Categorized | Health

FAS Awareness Day — 9:09 a.m. 9/9


Sept. 9 is International Fetal Alcohol Syndrome (FAS) Awareness Day. This worldwide movement is to raise awareness about the largest known, and entirely preventable, cause of mental retardation and developmental disabilities – fetal alcohol exposure during pregnancy.

FAS Awareness Day begins in many nations with bell-ringing at 9:09 a.m. local time.

On the Big Island, the Children’s Research Triangle will be hosting an event at the West Hawaii Civic Center in conjunction with the mayor’s office.

Mayor Billy Kenoi will provide the introduction for the morning, followed by speakers and informational tables by local support agencies. Refreshments will also be served.

More than 1,000 flags will be on display, representing the number of positive screens to date. The Hawaii CRT team has been working with local healthcare providers to screen pregnant women to identify alcohol use during pregnancy. A positive screen is a mother who admits to using substances during their pregnancy.

“These screens allow the provider the opportunity to offer these women a brief intervention, or short education about the risks associated with their behavior. We count it as a success if we even help one woman and change the outcome for her baby,” said Sharon Bechler, CRT Hawaii State Director.

The flags represent the critical work that still needs to be done in educating the island’s population about the dangers of alcohol use during pregnancy.

Elsewhere on the island, providers will support the day with posters in their offices. Banners, posters and flyers will also be displayed in visible areas around the various communities, with informational tables in Waimea, Kohala, Waikoloa, Honokaa and Hilo.

Groups are urged to join in with bell-ringing, a coffee break, planned activity or simply talking story about this important issue for our Island families.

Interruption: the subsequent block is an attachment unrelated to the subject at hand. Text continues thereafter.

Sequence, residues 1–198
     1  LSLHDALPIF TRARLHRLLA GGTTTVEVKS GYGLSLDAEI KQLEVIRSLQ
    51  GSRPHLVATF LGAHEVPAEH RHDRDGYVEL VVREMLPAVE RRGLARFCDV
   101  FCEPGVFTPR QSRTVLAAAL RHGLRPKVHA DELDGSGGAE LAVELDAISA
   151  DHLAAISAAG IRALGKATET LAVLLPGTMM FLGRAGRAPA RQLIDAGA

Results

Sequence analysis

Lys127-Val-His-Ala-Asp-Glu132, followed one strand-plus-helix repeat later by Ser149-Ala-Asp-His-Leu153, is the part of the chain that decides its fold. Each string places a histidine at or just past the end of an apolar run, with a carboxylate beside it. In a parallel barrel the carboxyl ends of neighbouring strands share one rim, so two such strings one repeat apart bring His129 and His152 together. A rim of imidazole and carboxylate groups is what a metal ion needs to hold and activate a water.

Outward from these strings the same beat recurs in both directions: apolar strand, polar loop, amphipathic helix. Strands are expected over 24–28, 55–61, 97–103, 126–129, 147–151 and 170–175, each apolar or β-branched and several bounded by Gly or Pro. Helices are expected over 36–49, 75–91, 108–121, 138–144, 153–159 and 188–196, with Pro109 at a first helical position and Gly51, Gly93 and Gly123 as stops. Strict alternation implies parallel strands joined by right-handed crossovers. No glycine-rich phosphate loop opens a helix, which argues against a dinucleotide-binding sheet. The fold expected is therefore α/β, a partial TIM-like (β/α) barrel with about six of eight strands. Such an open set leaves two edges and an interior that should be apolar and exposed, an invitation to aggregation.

FAS is the leading known cause of mental retardation and developmental disabilities. Children born with FAS are subject to developmental disabilities, birth defects and numerous other lifelong health issues. They can have difficulty with “executive functioning” or the ability to plan and complete a task, follow directions and learn.

This often leads to trouble in school, dropping out and eventual drug or alcohol use by the child. For families, coping with their children’s challenges can be devastating. For the community, the cost is high.

According to Theresa Kellerman’s research, on average a baby born in Hawaii with FAS, can cost as much as $5 million during their lifetime. The annual cost to U.S. taxpayers for treating FAS is $5.8 billion.

“Most pregnant women will not drink, or will stop drinking as soon as they learn they are pregnant,” said Bechler. “But since a majority of pregnancies are unplanned, women may not be aware right away. The safest thing a mom-to-be can do for her unborn baby is to abstain from beer, wine and hard liquor, and of course any other harmful substances, even when they’re planning to become pregnant.”

Children’s Research Triangle (CRT) based in Chicago with a Hawaii office, is a nonprofit organization which is dedicated to the healthy development of children and their families. CRT’s staff is committed to their mission to provide research driven services that improve the quality of life for all children with special needs or those who are at risk for developmental, behavioral, psychological or educational problems.

In Hawaii, CRT is the recipient of a federal grant to provide education and materials to medical providers who care for pregnant women.

The medical personnel use the tools provided by CRT to screen women for potential alcohol, tobacco and drug use, offer a brief intervention, education about the dangers of using alcohol, tobacco and drugs during pregnancy, and refer them to outside agencies for support when necessary.

For more information on FAS or Children’s Research Triangle Hawaii, contact Sharon Bechler at (808) 885-0501 or

One Response to “FAS Awareness Day — 9:09 a.m. 9/9”

  1. It’s terrific that Hawaii is increasing FASD Awareness!
    If you celebrate FASD Day on Sept 9 and use Twitter…
    consider tweeting your FASD Day event or awareness message with the #FASD hashtag and retweet every FASD tweet you get to make FASD “trend” and raise more awareness across Twitter.
    Let’s have lots of FASD Day tweets on Sept 9th!
    (Contact @FASDElephant for more info.)


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